v. To convert a product or system to a higher standard or version.
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Some local stations for the other networks also plan similarly to "upconvert" their analog programming to simulate HDTV.
—Joel Brinkley, “The Dawn of HDTV, Ready or Not,” The New York Times, October 26, 1998
An upconverter that can recognize this distinctive 3-2 pulldown process can reconstruct the original film frame and upconvert the complete frame without introducing temporal artifacts….

Downconversion has its own set of problems. Whereas upconversion has the unique problem of trying to create more than what was there, downconversion attempts to display an HD image using fewer lines.
—Kenneth Hunold, “HD in the USA: Understanding HD/SD conversion,” World Broadcast News, September 01, 1998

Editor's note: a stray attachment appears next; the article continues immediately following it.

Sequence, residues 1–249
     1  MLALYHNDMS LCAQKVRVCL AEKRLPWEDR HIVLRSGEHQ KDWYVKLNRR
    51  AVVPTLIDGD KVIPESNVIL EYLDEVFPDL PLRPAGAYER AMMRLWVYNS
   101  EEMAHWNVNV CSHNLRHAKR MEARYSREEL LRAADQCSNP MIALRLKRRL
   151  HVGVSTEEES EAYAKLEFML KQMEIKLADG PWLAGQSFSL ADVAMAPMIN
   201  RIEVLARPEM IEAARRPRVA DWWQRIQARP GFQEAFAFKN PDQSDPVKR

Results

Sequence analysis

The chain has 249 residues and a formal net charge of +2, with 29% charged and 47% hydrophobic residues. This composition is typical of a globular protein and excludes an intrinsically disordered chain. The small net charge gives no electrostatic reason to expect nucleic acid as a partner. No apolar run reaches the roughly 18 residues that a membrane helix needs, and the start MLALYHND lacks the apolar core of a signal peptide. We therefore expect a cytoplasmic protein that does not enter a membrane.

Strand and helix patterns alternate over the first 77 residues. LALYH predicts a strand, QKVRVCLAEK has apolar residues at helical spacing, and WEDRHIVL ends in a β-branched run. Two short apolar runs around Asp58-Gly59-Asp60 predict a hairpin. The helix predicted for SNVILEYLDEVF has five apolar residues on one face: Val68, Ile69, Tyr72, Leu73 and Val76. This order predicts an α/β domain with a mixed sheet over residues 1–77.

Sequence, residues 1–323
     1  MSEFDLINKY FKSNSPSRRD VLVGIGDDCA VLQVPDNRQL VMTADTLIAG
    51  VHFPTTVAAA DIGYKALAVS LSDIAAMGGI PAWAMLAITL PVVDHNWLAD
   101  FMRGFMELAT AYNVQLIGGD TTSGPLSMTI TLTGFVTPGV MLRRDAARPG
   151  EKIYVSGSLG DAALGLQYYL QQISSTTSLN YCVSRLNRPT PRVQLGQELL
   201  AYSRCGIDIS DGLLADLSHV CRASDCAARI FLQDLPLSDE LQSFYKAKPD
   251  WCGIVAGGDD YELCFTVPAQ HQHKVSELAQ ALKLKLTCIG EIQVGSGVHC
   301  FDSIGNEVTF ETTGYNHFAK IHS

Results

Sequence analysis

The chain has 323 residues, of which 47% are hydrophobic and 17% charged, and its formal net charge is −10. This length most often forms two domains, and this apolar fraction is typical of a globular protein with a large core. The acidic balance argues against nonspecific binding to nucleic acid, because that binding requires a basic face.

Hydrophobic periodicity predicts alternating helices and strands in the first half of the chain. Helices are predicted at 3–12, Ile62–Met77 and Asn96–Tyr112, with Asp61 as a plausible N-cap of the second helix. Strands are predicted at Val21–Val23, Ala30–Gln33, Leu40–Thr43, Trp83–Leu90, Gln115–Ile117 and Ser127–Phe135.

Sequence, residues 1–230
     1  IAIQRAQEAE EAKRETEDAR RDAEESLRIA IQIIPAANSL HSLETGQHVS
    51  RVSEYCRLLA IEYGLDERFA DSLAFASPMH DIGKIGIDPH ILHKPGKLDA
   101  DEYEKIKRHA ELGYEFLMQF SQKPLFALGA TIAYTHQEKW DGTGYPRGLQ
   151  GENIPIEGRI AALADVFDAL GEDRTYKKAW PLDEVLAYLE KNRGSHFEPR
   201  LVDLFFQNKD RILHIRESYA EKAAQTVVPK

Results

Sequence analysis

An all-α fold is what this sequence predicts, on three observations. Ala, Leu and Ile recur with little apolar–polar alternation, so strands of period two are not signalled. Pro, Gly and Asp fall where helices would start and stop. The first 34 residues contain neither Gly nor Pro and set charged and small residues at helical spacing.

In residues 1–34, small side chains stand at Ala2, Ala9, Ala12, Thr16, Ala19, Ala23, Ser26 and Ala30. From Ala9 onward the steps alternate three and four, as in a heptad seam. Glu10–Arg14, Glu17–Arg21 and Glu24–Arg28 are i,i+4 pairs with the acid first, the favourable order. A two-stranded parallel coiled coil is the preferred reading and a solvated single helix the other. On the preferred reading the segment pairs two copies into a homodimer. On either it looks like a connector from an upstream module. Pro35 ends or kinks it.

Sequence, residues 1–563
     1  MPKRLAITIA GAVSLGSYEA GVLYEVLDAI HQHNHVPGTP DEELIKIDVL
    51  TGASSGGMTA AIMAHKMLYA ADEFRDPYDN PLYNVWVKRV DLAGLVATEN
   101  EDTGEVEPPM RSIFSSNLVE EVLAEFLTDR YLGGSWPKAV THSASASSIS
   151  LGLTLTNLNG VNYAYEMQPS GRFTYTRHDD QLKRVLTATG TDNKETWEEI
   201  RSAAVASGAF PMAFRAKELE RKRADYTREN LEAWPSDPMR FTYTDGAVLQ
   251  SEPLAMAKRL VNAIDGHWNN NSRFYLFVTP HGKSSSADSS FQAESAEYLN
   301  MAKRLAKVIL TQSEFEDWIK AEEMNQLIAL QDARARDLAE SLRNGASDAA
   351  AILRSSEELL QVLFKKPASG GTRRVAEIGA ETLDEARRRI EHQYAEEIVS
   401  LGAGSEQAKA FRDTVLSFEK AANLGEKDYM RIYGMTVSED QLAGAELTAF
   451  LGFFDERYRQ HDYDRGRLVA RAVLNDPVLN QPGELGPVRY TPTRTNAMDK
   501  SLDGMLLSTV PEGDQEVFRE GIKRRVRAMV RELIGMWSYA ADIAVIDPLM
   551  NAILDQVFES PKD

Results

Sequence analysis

1991 (earliest)
To expand the range of applications, Mitsubishi built a video scan converter into the 37-inch monitor. With the converter, the XC-3725C is the only high-resolution monitor that up-converts standard NTSC, PAL, SECAM or S-VHS video to 31.5 kHz non-interlaced, and simultaneously broadens the compatibility range and improves the signal quality.
—“Mitsubishi creates new computer monitor category with the introduction of the world's largest auto-scanning high-resolution-compatible color display monitor,” Business Wire, April 29, 1991
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